This was a battle between two teams riddled by sloppy play, poor execution, and uninspired play. And for the sixth time this season, the Wizards somehow managed to send this game into overtime before losing in heartbreaking fashion. After Trevor Booker tied the game in overtime with 1.8 seconds remaining, an Al Horford jumper along the baseline gave Atlanta a 101-99 win.
That it was even that close was a surprise. For a third straight game, in typical Wizards fashion, the team failed to get up and decidedly coasted through yet another disappointing game. This didn't look like a team attempting to work out the kinks and shake off the rust following a four day lay-off, nor did it look like a team re-energized and ready to attack a grueling part of their schedule. The entire team looked disinterested on the road against a divisional opponent with playoff seeding on the line.
....and then the max player showed up. Following a Trevor Booker rebound, Wall leaked out, raced down the floor, and hit his defender with his patented behind the back move before finishing the layup in transition with just over three minutes to go. He seemingly flipped the switch on, hit an elbow jumper, and then on the very next possession, nailed a three from 26 feet out. After a few key defensive stops, Wall failed to hit a shot to win the game in regulation, sending the game into overtime.
And in overtime, the front court stepped up. Each time the Hawks scored, the Wizards would follow it up with a basket of their own. Both Ariza and Webster hit huge shots to keep it close, but it was Booker who scored six points, including a nifty reverse layup to tie the game with just over a second to go. But on the very next play, Booker gambled for a steal out of the inbounds, and Al Horford caught it, gathered and sunk the jumper to win the game.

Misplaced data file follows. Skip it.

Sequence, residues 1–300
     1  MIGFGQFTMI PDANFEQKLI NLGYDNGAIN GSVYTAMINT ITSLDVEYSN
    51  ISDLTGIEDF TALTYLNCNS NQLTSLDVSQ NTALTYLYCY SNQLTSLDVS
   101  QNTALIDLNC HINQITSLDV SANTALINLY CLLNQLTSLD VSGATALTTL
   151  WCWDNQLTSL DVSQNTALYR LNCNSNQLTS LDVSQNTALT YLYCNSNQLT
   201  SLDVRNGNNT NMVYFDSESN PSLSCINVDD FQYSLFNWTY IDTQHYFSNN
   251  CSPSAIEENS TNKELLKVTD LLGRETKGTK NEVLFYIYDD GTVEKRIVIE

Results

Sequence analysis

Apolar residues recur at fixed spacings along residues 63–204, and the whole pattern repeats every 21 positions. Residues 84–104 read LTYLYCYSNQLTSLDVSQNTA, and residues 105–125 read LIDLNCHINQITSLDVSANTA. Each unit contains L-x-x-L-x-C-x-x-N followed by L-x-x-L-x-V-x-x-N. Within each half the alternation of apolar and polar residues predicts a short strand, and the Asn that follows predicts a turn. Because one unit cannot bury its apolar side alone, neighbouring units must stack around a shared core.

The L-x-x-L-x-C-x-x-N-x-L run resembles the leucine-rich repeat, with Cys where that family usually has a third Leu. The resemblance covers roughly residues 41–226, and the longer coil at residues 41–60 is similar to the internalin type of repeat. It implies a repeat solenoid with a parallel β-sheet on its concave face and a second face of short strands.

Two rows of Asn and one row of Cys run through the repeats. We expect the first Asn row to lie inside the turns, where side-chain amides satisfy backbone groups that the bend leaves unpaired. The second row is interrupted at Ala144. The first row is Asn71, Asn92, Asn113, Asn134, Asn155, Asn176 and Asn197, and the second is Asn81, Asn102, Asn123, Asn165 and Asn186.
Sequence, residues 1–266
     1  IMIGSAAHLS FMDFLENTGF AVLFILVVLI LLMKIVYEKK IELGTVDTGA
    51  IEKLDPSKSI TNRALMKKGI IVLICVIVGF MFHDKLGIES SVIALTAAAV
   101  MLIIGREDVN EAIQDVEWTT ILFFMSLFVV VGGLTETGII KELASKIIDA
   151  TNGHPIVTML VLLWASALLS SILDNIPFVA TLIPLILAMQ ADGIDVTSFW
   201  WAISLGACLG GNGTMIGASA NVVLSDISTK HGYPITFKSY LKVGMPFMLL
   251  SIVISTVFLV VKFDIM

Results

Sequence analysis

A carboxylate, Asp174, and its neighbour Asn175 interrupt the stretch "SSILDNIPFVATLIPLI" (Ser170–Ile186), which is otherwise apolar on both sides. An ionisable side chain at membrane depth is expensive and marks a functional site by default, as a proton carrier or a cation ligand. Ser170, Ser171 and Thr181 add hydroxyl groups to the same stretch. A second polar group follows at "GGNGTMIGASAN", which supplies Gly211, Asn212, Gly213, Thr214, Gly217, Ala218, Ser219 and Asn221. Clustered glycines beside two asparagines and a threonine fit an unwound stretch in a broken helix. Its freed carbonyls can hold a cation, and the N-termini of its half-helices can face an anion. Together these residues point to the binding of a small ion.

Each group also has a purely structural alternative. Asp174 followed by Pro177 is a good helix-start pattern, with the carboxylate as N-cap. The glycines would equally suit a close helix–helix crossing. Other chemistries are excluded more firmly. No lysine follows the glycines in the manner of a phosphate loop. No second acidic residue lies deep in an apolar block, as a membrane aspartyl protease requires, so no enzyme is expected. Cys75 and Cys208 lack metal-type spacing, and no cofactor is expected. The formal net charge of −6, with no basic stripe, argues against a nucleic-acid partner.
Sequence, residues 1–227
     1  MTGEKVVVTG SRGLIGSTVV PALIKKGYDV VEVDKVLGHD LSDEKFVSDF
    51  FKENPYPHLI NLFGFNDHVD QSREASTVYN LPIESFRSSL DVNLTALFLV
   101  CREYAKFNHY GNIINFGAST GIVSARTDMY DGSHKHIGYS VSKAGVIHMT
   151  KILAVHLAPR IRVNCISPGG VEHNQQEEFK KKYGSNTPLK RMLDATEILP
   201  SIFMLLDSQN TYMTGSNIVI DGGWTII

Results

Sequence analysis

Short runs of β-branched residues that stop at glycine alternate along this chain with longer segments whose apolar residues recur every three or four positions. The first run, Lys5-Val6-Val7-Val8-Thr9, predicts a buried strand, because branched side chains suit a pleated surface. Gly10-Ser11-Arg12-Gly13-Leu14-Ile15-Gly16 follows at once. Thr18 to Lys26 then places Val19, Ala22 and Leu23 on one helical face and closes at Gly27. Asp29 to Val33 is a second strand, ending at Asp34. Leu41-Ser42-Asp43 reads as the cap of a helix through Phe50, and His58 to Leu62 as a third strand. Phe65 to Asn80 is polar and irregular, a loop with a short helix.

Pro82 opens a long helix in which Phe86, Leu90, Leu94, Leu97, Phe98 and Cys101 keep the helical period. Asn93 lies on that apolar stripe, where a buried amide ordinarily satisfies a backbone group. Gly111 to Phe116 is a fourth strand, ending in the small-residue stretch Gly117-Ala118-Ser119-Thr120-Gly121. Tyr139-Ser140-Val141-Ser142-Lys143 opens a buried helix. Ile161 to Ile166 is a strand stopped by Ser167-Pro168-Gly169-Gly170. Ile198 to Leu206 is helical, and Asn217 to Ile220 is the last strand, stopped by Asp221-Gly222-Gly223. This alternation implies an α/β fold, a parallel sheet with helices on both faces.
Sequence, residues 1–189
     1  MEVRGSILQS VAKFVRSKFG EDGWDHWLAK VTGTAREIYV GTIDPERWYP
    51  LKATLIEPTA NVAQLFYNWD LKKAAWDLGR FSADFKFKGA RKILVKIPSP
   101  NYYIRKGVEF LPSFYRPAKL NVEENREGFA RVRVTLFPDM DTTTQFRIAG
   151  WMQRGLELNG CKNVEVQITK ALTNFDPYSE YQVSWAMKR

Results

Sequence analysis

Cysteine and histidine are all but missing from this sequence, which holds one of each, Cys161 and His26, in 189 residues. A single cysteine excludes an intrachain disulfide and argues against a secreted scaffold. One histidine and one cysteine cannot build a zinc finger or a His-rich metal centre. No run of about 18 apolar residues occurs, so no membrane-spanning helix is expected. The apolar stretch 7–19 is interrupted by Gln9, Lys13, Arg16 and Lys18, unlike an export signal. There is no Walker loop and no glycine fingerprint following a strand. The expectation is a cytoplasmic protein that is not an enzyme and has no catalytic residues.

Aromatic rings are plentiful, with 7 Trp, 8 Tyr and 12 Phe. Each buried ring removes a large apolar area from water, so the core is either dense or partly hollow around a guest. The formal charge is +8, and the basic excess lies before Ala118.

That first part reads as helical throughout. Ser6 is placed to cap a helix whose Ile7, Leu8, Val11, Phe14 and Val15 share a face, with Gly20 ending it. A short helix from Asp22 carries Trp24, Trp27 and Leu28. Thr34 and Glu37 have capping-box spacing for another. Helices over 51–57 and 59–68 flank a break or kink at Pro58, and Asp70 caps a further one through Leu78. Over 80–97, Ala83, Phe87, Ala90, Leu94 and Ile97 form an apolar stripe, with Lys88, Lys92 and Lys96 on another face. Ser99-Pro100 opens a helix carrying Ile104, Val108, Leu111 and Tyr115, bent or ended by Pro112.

Sure, the Wizards missed an opportunity to steal this game after playing sluggishly for the first 45 minutes. But it goes to show, this team can't afford these type of performances, and they certainly don't have the talent to fight their way back into these contests the way they did tonight. Who knows how the bench plays next time, or if Booker can sustain this level of play. The leaders of this team have to step up and prove their worth.
Here are my game notes:
- Gortat's not near the rim protector that Okafor is, but he does a great job sliding to a spot on the floor in order to cut off his man's path to the basket. Mike pointed this out earlier in the season: the reason why Vesely and Booker get beat so often is because they're trying to stay with their man off the dribble.
- Glen Rice Jr has some serious potential as a perimeter defender in this league. He has the ability to dig far into the lane, and has the balance to make a hard closeout while simultaneously staying with his man following an escape dribble. He still commits his share of rookie mistakes like ball-watching and he did get caught digging too far down without retreating to a wide-open Kyle Korver for three, but the potential is clearly there.
- It's a fine line we walk between the "Wall is settling" narrative and him taking what the defense is giving him. It seems like people jump the gun on the former a little too often; yes he could keep his dribble alive and work for better shots, but that's not always going to be the case. I'd much rather see this than him passing up these looks constantly a la his sophomore season.
- Offense came out of the half really lethargic. The offense kept pounding the ball down low trying to exploit the Milsap on Gortat match-up, but to no avail. Ideally, you'd want more spread pick and roll sets to take advantage of Gortat's elite roll ability, but with Wall looking as disinterested as he did, it may have been for the best.
- Trevor Booker has shown off a really soft touch around the rim. He's no Nene when it comes to facilitating the offense, but he minimized his role and it paid off. He flashed to the high post and sunk a few jumpers, and he was a menace on the boards.
- Kyrie Irving has gotten a lot of flak for his hero-ball tendencies late in games, and Wall is no exception. He's become insistent on dribbling the air out of the ball before shooting up a contested shot. It has to stop.